The United States Embassy in Abuja on Wednesday provided a possible reason for the deportation of a Nigerian believed to be a victim of the ongoing immigration overhaul by the Donald Trump administration.
Mr. Trump recently intensified a crackdown on immigrants from specific countries across the world, majority of them Muslim-majority countries.
But despite the U.S. State Department’s position that the new rules will not affect Nigeria, there have been reported cases of deportation involving Nigerians in recent weeks.
On Tuesday, a Nigerian man who was turned back at the entry point in Los Angeles, California, in February, called the attention of PREMIUM TIMES to his situation.
Femi Olaniyi said he was deported after being detained for several days, despite having a visa valid for two years.
“I travelled to the United States of America on 21 of February 2017, with two years’ valid multiple visa.
“When I got to the point of entry of Los Angeles, the immigration officer directed me to one BPD, he interrogated me and I answered him politely.
“When he has nothing to hold me, he said I should come for biometric whether I have any criminal offence.
“I told him that I’m not a criminal that he should go ahead. Later, he brought some documents that I should sign, I told him that I will need to read before I sign.
“He quickly withdrew the document and put me in a cold cell. From there he held me for four days. Collected all my phone so that I will not get access to my family and later revoked and return me back to Nigeria.
“Honestly, this is unfair, Nigeria needs to do something,” Mr. Olaniyi said.
Mr. Olaniyi told PREMIUM TIMES he had travelled to different countries across the world in the past, but the botched journey was his first to the United States.
The U.S. Embassy did not deny Mr. Olaniyi’s allegations, but maintained there are no restrictions on Nigerians with valid documents.
“There is no restriction on Nigerians travelling to the United States,” Embassy spokesman, Russell Brooks, told PREMIUM TIMES by email Wednesday afternoon. “Nigerians with valid visas are welcome to travel to the United States.”
Mr. Russell blamed Mr. Olaniyi’s incident on a long-standing immigration policy that a visa does not guarantee entry into the United States, a practice he said remained popular amongst different countries across the world.
“However, many people are unaware of the fact that a visa does not automatically guarantee you entry into the United States,” Mr. Brooks said. “As is the case in most countries, all travellers are still subject to an interview by an immigration official at the point of entry.”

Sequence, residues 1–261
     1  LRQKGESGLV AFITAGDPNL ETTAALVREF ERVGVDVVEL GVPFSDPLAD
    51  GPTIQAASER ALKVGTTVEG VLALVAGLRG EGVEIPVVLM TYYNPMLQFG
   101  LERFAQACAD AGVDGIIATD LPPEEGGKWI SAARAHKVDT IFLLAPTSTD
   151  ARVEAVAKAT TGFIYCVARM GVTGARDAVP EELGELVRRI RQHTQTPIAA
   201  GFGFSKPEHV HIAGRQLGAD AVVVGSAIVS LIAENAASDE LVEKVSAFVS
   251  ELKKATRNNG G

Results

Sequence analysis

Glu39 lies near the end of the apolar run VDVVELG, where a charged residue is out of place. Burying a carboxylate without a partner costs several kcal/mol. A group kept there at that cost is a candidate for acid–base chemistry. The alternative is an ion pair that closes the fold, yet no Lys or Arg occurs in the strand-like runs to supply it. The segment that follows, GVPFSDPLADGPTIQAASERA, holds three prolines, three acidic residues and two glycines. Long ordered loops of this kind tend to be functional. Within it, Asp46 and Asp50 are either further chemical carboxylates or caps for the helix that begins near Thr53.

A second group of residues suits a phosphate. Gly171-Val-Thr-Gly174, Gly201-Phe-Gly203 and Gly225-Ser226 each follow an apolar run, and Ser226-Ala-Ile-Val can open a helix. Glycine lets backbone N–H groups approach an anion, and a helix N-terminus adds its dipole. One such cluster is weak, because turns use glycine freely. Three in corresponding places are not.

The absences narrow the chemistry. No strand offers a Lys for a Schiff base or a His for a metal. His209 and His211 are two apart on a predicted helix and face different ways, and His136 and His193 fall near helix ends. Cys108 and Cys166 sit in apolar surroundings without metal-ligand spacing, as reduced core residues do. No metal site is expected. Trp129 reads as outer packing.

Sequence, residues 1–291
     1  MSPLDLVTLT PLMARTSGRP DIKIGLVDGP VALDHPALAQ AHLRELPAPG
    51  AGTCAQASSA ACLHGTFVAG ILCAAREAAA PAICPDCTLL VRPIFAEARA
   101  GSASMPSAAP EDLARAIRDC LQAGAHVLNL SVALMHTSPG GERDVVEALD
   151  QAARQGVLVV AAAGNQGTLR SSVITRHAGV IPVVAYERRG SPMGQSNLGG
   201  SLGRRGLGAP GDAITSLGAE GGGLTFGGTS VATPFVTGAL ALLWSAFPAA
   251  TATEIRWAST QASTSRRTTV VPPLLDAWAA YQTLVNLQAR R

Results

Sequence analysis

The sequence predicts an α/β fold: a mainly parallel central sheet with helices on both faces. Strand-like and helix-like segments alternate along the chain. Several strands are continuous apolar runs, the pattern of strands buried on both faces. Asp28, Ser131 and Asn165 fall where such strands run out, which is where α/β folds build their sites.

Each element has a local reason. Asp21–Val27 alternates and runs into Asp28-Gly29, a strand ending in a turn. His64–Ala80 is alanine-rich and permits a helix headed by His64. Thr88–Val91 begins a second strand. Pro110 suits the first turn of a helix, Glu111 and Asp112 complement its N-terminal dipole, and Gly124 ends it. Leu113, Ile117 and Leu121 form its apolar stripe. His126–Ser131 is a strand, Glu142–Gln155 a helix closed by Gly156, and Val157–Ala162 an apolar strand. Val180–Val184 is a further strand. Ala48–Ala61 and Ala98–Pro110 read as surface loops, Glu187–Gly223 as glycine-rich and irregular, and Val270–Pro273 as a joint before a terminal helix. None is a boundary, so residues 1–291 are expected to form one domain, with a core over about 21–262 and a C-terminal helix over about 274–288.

The official said U.S.-bound travellers must convince immigration officials that they had reasons to enter the country, adding that such officers should be given maximum cooperation.
“At U.S. airports, the immigration inspector representing the Department of Homeland Security is the official who actually authorises entry.
“The inspector must be convinced that the purpose of the travel is legitimate and he or she will have access to information concerning prior travel.
“We certainly encourage all travellers to be clear, consistent, and cooperative during such an interview.”
Mr. Olaniyi’s ordeal came amidst growing concerns about deliberate denial of Nigerians an entry into the United States.
On Monday, an aide to President Muhammadu Buhari said Nigerians appear to be targeted by the United States due to the controversial new immigration rules imposed by President Donald Trump.
Abike Dabiri-Erewa said her office had been inundated with complaints that Nigerians with valid travel documents to the United States were being turned back, warning citizens not to travel to that country unless they have to.
“In the last few weeks, the office has received a few cases of Nigerians with valid multiple-entry US visas being denied entry and sent back to Nigeria,” Mrs. Dabiri-Erewa said. “In such cases reported to the office, such affected persons were sent back immediately on the next available flight and their visas were cancelled.”
But the advisory was swiftly debunked by the Minister of Foreign Affairs, Geoffrey Onyeama, who urged Nigerians to disregard it in its entirety.
“I can tell you to ignore any call or advice to reconsider travelling to the U.S. because there is no basis for that,” Mr. Onyeama told reporters in Abuja Tuesday. “We have absolutely no report whatsoever from the U.S. that people are being turned back from the U.S. or any of our consulate or any Nigerian that any of our people are being turned back.”
A Nigerian lawmaker, Nnenna Ukeje, also slammed Mrs. Dabiri-Erewa for creating unnecessary confusion among Nigerians.
Ms. Ukeje, who participated in a focused group program to mark World Womens’ Day on Channels Television, said Ms. Dabiri-Erewa had no business making a pronouncement on such weighty diplomatic matters.
Similarly, Mr. Brooks implored Nigerians to discard reports that Nigerians were affected by the U.S. immigration restrictions.
“To date, despite certain media reports, there is no information that confirms that a large number of Nigerians are being turned away at U.S. airports and returned home.
“Nigerian citizens are welcome to travel to the United Sates,” Mr. Brooks said.